In Fleet Street, not many editors last long. Those who do stick around tend to come in one of five types: the smooth, the calm, the owlish, the dynamic and the apoplectic. David English of the Daily Mail was smooth; William Rees-Mogg of the Times was owlish; Harold Evans of the Sunday Times was dynamic; Kelvin Mackenzie of the Sun was apoplectic. Alan Rusbridger is calm. “We’ve all been hit by a tidal wave,” he observes. But his tone is that of a man telling you that he has run into a spot of drizzle.
He is in his office, which rather sums up the two sides of the Guardian’s personality. It is amiably cluttered, with books spilling out of shelves and sitting in piles on the floor; but also big and modern, with floor-to-ceiling windows, sparkling canal views and pod-shaped armchairs. It’s as if an Oxbridge don had stumbled into a yuppie loft.
His answers are apt to be as measured as his tone. When I say that the Guardian seems to be having a triumph and a crisis at the same time, he replies, “If we are, everybody is. Maybe the answer is that everybody is.” He gives a studious summary of the market. “If you divide it in old-fashioned terms, and maybe we shouldn’t, we’re in a market with four papers, and the other three [the Telegraph, Times and Independent] are all owned by billionaires—the Barclay brothers, Rupert Murdoch or [Alexander and Evgeny] Lebedev. The last two declared losses for the Times and the Sunday Times were £78m and £48m, from memory, so we’re doing much better than they are.” (When I check the figures, they turn out to be £88m and £45m—followed by £12m. Say what you like about Murdoch, he has got the losses going the right way.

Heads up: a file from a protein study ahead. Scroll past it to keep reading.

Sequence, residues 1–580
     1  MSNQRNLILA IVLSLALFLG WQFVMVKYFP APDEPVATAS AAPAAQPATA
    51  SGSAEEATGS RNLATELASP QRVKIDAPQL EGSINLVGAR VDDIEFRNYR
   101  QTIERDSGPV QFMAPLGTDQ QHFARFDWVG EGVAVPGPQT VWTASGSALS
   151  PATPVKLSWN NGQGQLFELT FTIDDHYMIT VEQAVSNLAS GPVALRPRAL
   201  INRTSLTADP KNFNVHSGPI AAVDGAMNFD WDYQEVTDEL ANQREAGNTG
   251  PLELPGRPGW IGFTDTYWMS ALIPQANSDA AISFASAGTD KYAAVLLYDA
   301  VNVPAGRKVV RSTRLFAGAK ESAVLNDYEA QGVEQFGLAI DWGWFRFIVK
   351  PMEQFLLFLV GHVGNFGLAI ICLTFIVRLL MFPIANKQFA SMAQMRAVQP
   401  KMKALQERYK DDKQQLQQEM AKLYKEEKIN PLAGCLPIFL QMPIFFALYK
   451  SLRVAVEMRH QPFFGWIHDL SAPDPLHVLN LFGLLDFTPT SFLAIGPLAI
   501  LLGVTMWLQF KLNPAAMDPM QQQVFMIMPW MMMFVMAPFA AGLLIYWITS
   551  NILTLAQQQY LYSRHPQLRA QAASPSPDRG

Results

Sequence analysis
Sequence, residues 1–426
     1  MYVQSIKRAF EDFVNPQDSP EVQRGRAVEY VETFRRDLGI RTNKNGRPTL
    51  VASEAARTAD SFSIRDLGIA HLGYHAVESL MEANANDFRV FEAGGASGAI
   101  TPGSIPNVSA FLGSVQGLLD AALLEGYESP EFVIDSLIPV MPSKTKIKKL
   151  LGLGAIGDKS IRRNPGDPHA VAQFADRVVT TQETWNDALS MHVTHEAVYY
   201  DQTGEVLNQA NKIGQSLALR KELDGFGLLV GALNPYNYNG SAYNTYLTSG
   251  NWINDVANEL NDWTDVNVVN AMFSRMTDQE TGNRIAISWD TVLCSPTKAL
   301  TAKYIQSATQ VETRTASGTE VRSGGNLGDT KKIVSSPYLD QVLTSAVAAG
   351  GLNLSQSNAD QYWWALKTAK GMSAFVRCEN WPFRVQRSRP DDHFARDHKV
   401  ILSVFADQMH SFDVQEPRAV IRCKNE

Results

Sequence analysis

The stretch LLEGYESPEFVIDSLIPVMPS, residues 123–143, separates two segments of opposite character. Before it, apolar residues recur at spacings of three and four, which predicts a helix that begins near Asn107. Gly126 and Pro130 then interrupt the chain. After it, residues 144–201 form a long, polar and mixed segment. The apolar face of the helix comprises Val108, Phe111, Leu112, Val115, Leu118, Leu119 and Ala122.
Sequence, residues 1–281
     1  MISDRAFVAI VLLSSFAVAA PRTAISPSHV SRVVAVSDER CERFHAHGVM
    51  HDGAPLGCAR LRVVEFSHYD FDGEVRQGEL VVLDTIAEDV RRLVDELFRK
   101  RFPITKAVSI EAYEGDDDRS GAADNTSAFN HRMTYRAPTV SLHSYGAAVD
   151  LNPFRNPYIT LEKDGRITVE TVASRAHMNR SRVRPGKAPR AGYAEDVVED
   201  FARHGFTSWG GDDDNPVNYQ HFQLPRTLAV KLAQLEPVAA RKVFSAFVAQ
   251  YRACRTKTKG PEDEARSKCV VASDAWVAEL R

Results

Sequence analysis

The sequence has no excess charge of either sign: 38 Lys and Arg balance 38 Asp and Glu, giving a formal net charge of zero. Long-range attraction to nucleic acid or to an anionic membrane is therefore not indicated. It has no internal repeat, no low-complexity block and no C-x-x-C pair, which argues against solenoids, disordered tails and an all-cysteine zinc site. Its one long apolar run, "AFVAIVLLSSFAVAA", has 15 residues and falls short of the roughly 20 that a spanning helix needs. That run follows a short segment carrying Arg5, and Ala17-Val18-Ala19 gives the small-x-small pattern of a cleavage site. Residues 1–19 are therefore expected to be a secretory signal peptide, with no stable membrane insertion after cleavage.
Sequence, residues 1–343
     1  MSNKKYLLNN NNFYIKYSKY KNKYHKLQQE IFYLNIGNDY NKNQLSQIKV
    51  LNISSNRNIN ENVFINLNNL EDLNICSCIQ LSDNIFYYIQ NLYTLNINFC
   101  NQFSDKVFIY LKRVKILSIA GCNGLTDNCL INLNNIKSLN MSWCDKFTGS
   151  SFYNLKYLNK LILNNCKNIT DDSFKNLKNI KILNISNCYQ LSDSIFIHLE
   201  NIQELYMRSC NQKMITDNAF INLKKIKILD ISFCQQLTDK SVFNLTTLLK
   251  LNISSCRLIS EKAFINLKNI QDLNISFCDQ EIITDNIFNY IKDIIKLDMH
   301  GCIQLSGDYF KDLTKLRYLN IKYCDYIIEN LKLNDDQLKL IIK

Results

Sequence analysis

A sceptic could point out that the Guardian might as well be owned by a billionaire, given the losses it has been able to stomach. It is owned by the Scott Trust, set up in 1936 “to secure the financial and editorial independence of the Guardian in perpetuity”. The trust became a limited company in 2008, but remains trust-like, with all the shares held by the trustees. It also owns most of Auto Trader magazine, a cash cow which usually covers the Guardian’s losses. The idea that journalists like to believe, that the service they provide is more important than any profit it might make, is enshrined in the Scott Trust’s constitution. And Rusbridger says it makes a big difference to what they publish: “The fact that it was the Guardian that did the phone-hacking [story] directly flowed from being a trust.” But being a trust leads, inevitably, to mistrust: rivals depict the Guardian as a trustafarian, not having to make a living in the real world.